We can’t put off cyber concerns

The words projected on a screen sent the terse message, loud and clear: Terrorists and criminals no longer have to be in faraway places. Through the Internet, they’re in the room with you.

That was the overarching theme Tuesday throughout the latest Breakfast with the Journal at Embassy Suites. The panelists, Doug DePeppe and Jeff Beauprez, are well-known for their expertise about all things related to the Internet. They minced no words in describing what kinds of real threats face the typical local business — not to mention everyone who uses a computer, for personal or work reasons.

We all should be alarmed, they said, over and over. Seriously alarmed. And if we procrastinate any longer in addressing it, we risk the worst of consequences, including legal liability.

Cyber security no longer is a subject for the future, something to address in another year or two. We should be facing it now, doing whatever we can to minimize our risks.

This task takes several forms. One is simply securing all business (and personal) data, routinely making sure it’s safely backed up via dependable cloud computing technology. That should be the First Commandment for any small business, as we lean so much more on instant access to our work and proprietary information. But that single office computer, or server handling multiple users, isn’t sufficient in today’s world.

Even more ominous, however, is preparing for the certainty of cyber-attacks. Yes, on your business, just as it happens for us. Just one example: Recently we at the Business Journal discovered that outside sources were trying to log in to our online system. They failed — this time. But perhaps next time they’ll succeed. We don’t think they could cause much damage, but it’s naive to think we’re invulnerable.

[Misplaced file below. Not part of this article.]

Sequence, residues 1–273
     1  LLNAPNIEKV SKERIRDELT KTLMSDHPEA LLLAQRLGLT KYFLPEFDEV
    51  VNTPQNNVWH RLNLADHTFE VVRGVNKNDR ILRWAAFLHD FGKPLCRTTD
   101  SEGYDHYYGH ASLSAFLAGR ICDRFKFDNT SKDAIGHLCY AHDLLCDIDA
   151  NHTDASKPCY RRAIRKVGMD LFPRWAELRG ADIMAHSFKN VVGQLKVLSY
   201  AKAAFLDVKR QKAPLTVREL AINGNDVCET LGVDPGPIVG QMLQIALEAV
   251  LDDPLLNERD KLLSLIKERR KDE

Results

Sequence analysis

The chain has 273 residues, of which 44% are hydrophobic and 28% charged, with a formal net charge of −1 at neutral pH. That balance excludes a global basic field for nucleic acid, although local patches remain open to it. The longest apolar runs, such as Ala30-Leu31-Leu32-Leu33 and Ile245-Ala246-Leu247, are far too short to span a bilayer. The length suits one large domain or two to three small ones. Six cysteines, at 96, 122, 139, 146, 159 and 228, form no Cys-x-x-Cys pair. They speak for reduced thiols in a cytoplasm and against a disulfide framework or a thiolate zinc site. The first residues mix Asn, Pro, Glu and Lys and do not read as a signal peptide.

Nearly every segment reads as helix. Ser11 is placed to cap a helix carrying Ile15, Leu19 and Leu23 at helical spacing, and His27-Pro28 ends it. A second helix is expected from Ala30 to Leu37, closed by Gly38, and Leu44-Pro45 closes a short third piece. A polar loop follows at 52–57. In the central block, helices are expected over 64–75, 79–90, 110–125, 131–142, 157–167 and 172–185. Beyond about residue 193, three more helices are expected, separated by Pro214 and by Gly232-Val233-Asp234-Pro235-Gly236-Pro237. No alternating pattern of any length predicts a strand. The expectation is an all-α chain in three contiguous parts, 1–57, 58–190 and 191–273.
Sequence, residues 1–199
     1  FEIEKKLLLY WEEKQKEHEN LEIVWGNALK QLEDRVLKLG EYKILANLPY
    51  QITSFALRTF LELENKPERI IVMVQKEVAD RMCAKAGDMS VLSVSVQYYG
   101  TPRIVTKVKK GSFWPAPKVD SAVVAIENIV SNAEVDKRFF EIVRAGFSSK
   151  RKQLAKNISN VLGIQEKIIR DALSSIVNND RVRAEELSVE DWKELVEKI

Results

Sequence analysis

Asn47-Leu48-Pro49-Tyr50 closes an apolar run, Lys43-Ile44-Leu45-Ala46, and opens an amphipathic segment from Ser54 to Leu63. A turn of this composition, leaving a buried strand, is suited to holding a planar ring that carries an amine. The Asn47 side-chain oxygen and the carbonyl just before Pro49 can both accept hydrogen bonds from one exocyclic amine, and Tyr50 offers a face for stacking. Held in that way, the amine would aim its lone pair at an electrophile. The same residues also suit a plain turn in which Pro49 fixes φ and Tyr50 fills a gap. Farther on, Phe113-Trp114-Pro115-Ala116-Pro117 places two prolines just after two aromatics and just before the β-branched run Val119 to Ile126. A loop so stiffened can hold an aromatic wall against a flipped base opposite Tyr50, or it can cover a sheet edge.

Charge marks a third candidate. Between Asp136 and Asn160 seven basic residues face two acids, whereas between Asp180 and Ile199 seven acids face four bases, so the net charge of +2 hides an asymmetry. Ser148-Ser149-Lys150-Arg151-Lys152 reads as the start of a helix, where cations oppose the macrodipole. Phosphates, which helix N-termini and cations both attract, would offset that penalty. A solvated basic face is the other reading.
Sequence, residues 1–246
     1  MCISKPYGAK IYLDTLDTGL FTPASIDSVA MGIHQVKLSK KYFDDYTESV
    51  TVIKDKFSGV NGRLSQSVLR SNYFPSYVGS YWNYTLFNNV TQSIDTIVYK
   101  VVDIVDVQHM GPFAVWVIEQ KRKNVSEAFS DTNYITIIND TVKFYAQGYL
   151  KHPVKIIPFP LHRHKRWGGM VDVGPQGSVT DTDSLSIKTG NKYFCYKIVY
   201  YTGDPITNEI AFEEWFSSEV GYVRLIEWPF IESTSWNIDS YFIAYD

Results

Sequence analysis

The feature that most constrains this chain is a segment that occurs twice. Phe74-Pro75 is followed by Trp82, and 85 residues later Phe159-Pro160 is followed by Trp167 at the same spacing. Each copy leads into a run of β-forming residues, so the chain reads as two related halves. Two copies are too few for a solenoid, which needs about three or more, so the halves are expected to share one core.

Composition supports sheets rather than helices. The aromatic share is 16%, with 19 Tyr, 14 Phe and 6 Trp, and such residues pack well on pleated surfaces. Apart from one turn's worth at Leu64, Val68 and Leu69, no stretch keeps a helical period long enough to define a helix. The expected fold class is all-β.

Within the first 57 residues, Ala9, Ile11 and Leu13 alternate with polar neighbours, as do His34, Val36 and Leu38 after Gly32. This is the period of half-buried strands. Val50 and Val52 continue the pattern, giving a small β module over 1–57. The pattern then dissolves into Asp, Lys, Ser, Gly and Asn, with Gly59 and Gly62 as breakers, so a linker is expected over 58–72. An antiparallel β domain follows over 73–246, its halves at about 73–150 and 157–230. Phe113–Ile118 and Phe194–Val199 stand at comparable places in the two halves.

Consider this scenario, brought up by Beauprez: You have a worker using a laptop, which he or she takes home. Kids turn on the laptop, go on social media or elsewhere, click on unknown links, and the laptop is silently contaminated. It goes back to the office, the worker plugs into your system, and presto, evil malware invades and wreaks havoc. (For the uneducated, malware means software or even simple codes designed to steal private information, access systems illegally or simply paralyze computers.)

Don’t assume those innocent apps for your phone or tablet are automatically safe, either. As DePeppe shared, in 2011 there were 1,000 known instances of phone apps including malware. In 2012, that number rocketed from 1,000 to 350,000.

Scared yet? You should be.

This problem is not going away, and as DePeppe and Beauprez warn, we can’t depend on the government to solve it. The goal for any business now, they say, is not to prevent harmful cyber-attacks. Anymore, the priority is to detect those attacks and respond effectively. They’re using terms now like “cyber risk management” and mantras like “think before you click” on any link, attachment or request, no matter how legitimate it might appear to be.

As Beauprez emphasizes, the cyber strategy for any business should cover these basics: policies, procedures, training and risk management. Not by 2015, but now. We’ll continue to do all we can at the Business Journal to raise the awareness.

But regardless, consider yourself warned.